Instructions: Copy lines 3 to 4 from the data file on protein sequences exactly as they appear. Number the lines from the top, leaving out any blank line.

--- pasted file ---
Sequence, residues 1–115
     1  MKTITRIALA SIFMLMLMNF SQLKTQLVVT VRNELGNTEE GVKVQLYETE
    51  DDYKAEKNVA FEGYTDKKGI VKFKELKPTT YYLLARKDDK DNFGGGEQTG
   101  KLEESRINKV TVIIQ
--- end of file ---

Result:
    51  DDYKAEKNVA FEGYTDKKGI VKFKELKPTT YYLLARKDDK DNFGGGEQTG
   101  KLEESRINKV TVIIQ